Monarchs cannot govern without the consent of Parliament, but the question is unsettled as to prime ministers

Three views of Canadian Prime Minister Stephen Harper. Canadian political leaders may not be exactly as illustrated.

First the king and then Stephen Harper! It’s two for two for Parliament … maybe.

Leastways, according to yesterday’s news coverage of House of Commons Speaker Peter Milliken’s ruling, Parliament has achieved a mighty victory over Mr. Harper’s U.S.-Republican-style government in a fight that never should never have had to be fought – reasserting the right of our elected representatives to information about how our country is run.

Specifically, in this case, the information being sought was about how Afghan prisoners of war (or, in the Orwellian language of the modern Canadian governing class, “detainees”) were treated by their Canadian captors. (The problem being, of course, that they may not have been treated as prisoners of war.)

The Speaker ruled that Mr. Harper’s Conservative government would be in contempt of Parliament if it refuses to give members access to the secret story of the Afghan prisoners.

But really, as the Toronto Star quite rightly explained it, this fight is about “who is the ultimate power in Canada and it’s been simmering since shortly after the last election, when Harper was almost tossed out of office by the opposition parties.”

So who does have the power: Our presidential Prime Minister, or Parliament? The Speaker was unequivocal in his answer: Parliament. As another Speaker said in analogous circumstances: “I have neither eyes to see nor tongue to speak in this place but as the House is pleased to direct me, whose servant I am here.”

But just as Mr. Harper was prepared to do anything to prevent Parliament from exercising its constitutional right to vote non-confidence in his minority government, Canadians should not expect him to go along with this ruling. Indeed, there were hints in the prime minister’s vague and ambiguous statement today that he has no intention of doing any such thing. After all, kings and other tyrants do not give up their power to elected legislatures without a bitter fight.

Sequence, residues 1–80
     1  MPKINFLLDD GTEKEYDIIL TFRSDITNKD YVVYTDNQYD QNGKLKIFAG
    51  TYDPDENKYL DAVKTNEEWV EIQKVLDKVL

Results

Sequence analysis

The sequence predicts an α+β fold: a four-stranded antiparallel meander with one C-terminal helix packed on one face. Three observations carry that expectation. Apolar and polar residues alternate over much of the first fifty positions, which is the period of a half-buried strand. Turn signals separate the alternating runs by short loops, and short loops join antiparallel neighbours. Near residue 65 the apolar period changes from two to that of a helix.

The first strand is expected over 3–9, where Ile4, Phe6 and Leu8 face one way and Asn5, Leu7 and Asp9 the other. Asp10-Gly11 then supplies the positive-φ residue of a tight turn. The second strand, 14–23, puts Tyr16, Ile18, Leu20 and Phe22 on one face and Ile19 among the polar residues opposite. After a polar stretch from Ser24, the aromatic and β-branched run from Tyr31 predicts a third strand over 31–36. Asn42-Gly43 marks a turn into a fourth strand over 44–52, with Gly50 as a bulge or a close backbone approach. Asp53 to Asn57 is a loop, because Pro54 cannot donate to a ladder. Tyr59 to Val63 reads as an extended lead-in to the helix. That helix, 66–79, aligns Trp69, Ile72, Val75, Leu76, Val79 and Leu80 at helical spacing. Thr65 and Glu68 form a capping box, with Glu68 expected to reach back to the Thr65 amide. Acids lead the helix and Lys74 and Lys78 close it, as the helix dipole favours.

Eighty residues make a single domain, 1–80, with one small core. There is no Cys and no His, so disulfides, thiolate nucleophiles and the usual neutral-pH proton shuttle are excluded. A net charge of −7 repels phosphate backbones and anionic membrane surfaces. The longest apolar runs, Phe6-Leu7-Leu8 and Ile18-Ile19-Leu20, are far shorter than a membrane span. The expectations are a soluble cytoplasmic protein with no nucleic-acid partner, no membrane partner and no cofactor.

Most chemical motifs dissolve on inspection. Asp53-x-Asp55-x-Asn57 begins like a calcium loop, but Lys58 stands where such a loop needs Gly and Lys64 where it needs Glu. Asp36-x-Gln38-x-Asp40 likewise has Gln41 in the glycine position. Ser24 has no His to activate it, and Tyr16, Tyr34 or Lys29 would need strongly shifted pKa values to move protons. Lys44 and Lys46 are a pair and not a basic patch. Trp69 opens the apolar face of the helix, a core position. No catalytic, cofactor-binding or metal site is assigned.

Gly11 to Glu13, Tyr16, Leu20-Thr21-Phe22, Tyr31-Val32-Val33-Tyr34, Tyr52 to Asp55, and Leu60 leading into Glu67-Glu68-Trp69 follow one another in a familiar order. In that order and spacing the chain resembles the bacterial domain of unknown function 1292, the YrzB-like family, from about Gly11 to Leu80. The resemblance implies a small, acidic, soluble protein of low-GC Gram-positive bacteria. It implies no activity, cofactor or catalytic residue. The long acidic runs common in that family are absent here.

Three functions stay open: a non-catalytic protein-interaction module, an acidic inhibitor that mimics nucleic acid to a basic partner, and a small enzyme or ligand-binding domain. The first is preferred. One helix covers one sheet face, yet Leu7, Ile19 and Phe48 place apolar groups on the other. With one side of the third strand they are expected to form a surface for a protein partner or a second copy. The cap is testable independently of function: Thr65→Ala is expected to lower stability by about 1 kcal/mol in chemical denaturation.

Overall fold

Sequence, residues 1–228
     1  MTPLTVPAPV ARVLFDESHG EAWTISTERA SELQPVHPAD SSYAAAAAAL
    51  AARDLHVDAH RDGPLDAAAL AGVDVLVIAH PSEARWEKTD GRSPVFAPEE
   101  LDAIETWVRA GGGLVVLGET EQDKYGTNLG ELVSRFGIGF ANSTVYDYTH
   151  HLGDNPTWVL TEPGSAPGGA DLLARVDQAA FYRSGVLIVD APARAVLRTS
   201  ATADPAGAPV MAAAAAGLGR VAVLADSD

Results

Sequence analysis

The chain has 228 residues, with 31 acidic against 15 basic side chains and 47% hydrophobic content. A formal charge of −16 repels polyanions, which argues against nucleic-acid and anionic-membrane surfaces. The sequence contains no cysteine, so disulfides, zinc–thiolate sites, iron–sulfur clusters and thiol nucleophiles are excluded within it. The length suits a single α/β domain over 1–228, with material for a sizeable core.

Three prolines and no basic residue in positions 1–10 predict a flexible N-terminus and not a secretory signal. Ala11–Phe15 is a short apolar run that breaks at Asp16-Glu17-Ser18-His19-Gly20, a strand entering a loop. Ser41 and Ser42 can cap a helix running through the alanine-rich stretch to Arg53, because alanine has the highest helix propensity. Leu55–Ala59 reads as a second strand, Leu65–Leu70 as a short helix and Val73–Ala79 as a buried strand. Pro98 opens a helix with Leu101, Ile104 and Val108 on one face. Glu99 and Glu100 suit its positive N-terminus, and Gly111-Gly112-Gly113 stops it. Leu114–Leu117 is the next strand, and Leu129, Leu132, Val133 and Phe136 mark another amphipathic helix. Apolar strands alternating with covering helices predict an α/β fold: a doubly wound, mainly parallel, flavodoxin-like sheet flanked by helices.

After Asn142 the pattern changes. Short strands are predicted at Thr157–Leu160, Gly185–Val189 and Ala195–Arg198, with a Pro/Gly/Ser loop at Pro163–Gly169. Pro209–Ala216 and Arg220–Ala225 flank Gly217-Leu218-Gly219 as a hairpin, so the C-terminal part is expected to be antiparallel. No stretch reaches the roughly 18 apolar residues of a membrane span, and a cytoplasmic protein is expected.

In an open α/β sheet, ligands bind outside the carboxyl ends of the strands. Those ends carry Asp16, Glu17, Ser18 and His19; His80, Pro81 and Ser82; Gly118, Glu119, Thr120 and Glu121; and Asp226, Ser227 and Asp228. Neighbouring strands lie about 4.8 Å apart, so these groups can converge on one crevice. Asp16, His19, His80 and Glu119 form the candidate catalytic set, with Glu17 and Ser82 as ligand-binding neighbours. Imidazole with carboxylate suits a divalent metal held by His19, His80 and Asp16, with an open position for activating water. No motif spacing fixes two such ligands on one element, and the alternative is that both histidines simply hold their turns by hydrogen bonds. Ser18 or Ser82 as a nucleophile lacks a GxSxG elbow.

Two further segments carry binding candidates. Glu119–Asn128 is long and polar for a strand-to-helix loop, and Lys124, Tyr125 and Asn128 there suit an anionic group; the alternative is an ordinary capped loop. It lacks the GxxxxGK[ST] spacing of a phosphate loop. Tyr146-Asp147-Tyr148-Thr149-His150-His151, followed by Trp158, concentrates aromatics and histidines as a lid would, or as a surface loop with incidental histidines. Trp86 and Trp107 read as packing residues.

Presumably, however this plays out, the prime minister will not attempt to govern completely without the inconvenience of Parliament – though one suspects that, given the opportunity, the man would welcome the opportunity to do so.

This would take the concept of minority government to exciting new extremes, no doubt with the complete support of the National Post, the wavering support of the Globe and Mail and the half-hearted opposition of the Star. (The Suns, presumably, would miss the story unless it could be determined it had an impact on local crime.)

Readers with long memories will recall that something like this was tried some years ago by an unhappy king named Charles, with somewhat dubious results from the monarch’s perspective. His Majesty did manage to rule with a modest degree of success for not quite a dozen years, notwithstanding the absence of Parliament (attempting to pawn the Crown jewels and cutting the ears of a few pamphleteers, the bloggers of the day, along the way). Alas, matters came to a head, as it were, on Jan. 30, 1649.